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View of vials on a production line at the factory of British multinational pharmaceutical company GlaxoSmithKline (GSK) in Saint-Amand-les-Eaux, northern France, on Dec. 3, 2020.

FRANCOIS LO PRESTI/AFP/Getty Images

While extraordinary, the timely arrival of a COVID-19 vaccine developed by the German company BioNTech in partnership with U.S.-based Pfizer Inc. after its speedy path through clinical trials and regulatory approval is no fluke. The fact that a handful of other vaccines are well along the same path – and close behind in the case of the vaccine made by Moderna Inc. – shows the power of an entire industry focusing on one overriding problem.

“This whole thing has been remarkable,” said Mark Lievonen, a former president of Sanofi Pasteur Ltd. and co-chair of Canada’s vaccine task force, which advised the federal government on which vaccines to buy last summer. As recently as one month ago, Mr. Lievonen was prepared to say that the first Canadians could be vaccinated next year “before the snow melts.”

Even that seemed optimistic in early November. The timeline to develop a vaccine and get it to market varies greatly, but it can average 10 to 15 years, according to Scott Halperin, director of the Canadian Centre for Vaccinology in Halifax. Yet the Pfizer-BioNTech vaccine has arrived in about one-twentieth that amount of time, with the first inoculations expected within days.

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Science reporter Ivan Semeniuk outlines how Canada benefited from researchers working in parallel and accelerated the approval process to have a safe COVID-19 vaccine ready so quickly.

How can this have been achieved without sacrificing safety? The answer comes not from skipping steps but from a massive optimization effort in which many of the stages that typically happen in sequence are conducted in parallel.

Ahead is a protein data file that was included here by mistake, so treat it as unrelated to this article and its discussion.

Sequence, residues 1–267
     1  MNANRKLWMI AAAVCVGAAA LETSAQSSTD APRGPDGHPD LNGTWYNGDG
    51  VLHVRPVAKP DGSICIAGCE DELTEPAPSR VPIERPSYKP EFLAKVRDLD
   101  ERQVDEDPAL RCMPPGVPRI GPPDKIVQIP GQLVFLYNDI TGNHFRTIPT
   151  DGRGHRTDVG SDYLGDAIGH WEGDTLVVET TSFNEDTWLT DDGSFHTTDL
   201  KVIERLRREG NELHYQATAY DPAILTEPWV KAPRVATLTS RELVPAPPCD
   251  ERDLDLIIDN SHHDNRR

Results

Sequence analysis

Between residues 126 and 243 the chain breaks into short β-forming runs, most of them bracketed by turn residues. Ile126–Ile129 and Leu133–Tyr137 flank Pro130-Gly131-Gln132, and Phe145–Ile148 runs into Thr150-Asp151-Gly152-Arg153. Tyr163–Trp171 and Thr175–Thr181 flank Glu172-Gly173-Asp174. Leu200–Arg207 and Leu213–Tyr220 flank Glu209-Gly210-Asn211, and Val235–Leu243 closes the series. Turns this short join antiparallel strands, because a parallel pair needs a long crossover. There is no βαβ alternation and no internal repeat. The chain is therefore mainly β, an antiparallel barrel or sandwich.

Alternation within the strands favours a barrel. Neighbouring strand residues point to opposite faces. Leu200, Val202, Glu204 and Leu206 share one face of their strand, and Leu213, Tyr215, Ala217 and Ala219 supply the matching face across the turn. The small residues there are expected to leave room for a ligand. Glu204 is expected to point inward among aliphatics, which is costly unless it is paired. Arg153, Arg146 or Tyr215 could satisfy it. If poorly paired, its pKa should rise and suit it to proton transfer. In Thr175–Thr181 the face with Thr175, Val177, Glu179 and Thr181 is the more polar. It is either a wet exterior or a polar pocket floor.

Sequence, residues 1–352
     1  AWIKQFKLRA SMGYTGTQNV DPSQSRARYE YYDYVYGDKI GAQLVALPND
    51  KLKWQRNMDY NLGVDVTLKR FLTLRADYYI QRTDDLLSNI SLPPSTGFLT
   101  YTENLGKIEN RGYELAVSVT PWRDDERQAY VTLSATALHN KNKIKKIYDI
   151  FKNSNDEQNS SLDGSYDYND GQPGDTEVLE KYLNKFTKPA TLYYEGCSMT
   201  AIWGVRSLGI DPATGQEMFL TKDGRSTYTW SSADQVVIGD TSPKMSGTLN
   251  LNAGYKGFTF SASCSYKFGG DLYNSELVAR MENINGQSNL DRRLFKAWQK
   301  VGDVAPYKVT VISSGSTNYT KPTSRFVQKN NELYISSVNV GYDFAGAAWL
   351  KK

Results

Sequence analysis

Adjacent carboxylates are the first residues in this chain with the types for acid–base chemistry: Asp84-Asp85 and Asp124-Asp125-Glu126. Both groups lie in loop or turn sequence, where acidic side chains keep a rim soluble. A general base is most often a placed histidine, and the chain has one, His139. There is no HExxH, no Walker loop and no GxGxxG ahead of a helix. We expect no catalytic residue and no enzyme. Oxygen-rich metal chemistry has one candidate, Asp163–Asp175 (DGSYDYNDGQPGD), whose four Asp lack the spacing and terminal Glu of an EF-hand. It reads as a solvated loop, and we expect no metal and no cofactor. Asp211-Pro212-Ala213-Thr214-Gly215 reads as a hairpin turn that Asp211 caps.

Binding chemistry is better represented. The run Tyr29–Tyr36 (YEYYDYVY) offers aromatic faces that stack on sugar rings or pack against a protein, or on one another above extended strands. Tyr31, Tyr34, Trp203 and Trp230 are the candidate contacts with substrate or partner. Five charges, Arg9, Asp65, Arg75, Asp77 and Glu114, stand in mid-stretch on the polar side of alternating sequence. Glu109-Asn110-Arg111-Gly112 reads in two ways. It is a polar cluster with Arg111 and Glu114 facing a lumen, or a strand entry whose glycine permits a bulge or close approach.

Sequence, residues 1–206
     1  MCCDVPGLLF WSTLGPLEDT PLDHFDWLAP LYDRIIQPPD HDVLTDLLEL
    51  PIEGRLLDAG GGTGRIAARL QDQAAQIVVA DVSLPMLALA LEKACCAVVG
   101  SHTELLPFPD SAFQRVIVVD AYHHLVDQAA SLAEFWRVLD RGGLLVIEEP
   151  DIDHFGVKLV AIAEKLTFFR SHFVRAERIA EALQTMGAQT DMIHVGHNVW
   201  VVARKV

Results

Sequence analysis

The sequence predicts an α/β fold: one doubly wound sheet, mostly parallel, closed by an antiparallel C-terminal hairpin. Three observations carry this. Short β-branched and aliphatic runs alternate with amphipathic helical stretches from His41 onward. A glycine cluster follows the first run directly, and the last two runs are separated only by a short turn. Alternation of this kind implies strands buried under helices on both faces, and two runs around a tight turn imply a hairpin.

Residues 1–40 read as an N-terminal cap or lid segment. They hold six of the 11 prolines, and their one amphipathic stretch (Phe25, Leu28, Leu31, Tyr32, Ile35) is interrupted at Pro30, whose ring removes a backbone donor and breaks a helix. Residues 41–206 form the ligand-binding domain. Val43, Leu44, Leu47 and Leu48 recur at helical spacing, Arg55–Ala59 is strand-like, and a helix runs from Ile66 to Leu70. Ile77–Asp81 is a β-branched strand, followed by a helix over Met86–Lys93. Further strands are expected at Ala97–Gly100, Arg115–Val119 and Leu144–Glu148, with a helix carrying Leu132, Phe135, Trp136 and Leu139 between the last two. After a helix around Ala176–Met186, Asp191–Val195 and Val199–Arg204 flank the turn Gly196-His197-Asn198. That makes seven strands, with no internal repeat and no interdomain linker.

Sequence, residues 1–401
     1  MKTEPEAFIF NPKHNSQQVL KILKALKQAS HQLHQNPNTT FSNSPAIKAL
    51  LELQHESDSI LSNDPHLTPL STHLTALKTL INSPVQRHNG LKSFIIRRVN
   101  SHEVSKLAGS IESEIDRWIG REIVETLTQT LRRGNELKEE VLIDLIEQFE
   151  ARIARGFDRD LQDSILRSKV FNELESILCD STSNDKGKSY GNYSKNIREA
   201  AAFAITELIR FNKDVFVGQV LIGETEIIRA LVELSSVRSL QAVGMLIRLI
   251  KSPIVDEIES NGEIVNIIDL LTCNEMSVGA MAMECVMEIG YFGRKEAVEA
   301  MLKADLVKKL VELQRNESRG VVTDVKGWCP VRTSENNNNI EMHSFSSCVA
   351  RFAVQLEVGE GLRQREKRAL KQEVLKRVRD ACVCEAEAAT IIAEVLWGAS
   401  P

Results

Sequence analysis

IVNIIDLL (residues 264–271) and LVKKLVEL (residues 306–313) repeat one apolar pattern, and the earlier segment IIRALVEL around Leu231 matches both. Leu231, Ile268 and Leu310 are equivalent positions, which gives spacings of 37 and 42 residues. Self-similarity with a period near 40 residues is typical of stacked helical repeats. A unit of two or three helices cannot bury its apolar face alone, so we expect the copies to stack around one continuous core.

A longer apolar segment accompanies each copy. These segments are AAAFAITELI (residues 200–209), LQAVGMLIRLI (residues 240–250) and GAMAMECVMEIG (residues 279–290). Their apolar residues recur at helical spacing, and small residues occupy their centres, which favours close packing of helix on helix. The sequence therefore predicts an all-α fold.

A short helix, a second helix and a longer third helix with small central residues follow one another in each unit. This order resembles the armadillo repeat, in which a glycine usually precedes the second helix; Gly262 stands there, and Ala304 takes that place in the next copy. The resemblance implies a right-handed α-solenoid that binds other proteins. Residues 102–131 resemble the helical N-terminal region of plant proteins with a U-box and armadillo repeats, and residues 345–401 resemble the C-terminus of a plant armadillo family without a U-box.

It also helps that the front-runners had a huge head start with technologies that were already in development for other applications. Even the RNA vaccines made by Pfizer-BioNTech and Moderna, which represent a new type of vaccine strategy, are the product of many years of research.

“A lot of the basic science and the understanding of how these vaccines work was done before COVID-19,” Dr. Halperin said.

Multitrack delivery approach to

vaccine rollout

TRACK ONE

Winter 2021

Vaccines are

logistically

very challenging

Pfizer/Moderna*

(-80˚C, -20˚C)

Provinces/Territories

(PTs) have weak/no

ultra-cold infra-

structure or frozen

cold chain capacity

Will require sub-

stantial federal

intervention to

deliver safely and

montitor supply

levels

TRACK TWO

Spring/Summer 2021

Vaccines have more

standard logistical

requirements

NovaVax, AZ*, J&J*

Sanofi, Medicago,

etc. (2˚C to 8˚C)

Stronger PT existing

capacity/builds on

immunization system

infrastructure in place

Some federal invest-

ment to support on

scale of rollout

TRACK THREE

Fall 2021

Vaccine use to be de-

termined depending

on evidence

Immunizing special

populations (e.g.

children, pregnant

women) will depend

on safety and

efficacy data

NACI will inform

population-specific

strategies as new

evidence emerges

*Being reviewed by Health Canada

THE GLOBE AND MAIL, SOURCE: public health

agency of canada

Multitrack delivery approach to

vaccine rollout

TRACK ONE

Winter 2021

Vaccines are

logistically

very challenging

Pfizer/Moderna*

(-80˚C, -20˚C)

Provinces/Territories

(PTs) have weak/no

ultra-cold infra-

structure or frozen

cold chain capacity

Will require sub-

stantial federal

intervention to

deliver safely and

montitor supply

levels

TRACK TWO

Spring/Summer 2021

Vaccines have more

standard logistical

requirements

NovaVax, AZ*, J&J*

Sanofi, Medicago,

etc. (2˚C to 8˚C)

Stronger PT existing

capacity/builds on

immunization system

infrastructure in place

Some federal invest-

ment to support on

scale of rollout

TRACK THREE

Fall 2021

Vaccine use to be de-

termined depending

on evidence

Immunizing special

populations (e.g.

children, pregnant

women) will depend

on safety and

efficacy data

NACI will inform

population-specific

strategies as new

evidence emerges

*Being reviewed by Health Canada

THE GLOBE AND MAIL, SOURCE: public health

agency of canada

Multitrack delivery approach to vaccine rollout

TRACK ONE

TRACK TWO

TRACK THREE

Winter 2021

Spring/Summer 2021

Fall 2021

Vaccines are

logistically

very challenging

Vaccines have more

standard logistical

requirements

Vaccine use to be de-

termined depending

on evidence

Pfizer/Moderna*

(-80˚C, -20˚C)

NovaVax, AZ*, J&J*

Sanofi, Medicago,

etc. (2˚C to 8˚C)

Immunizing special

populations (e.g.

children, pregnant

women) will depend

on safety and

efficacy data

Provinces/Territories

(PTs) have weak/no

ultra-cold infra-

structure or frozen

cold chain capacity

Stronger PT existing

capacity/builds on

immunization system

infrastructure in place

NACI will inform

population-specific

strategies as new

evidence emerges

Will require sub-

stantial federal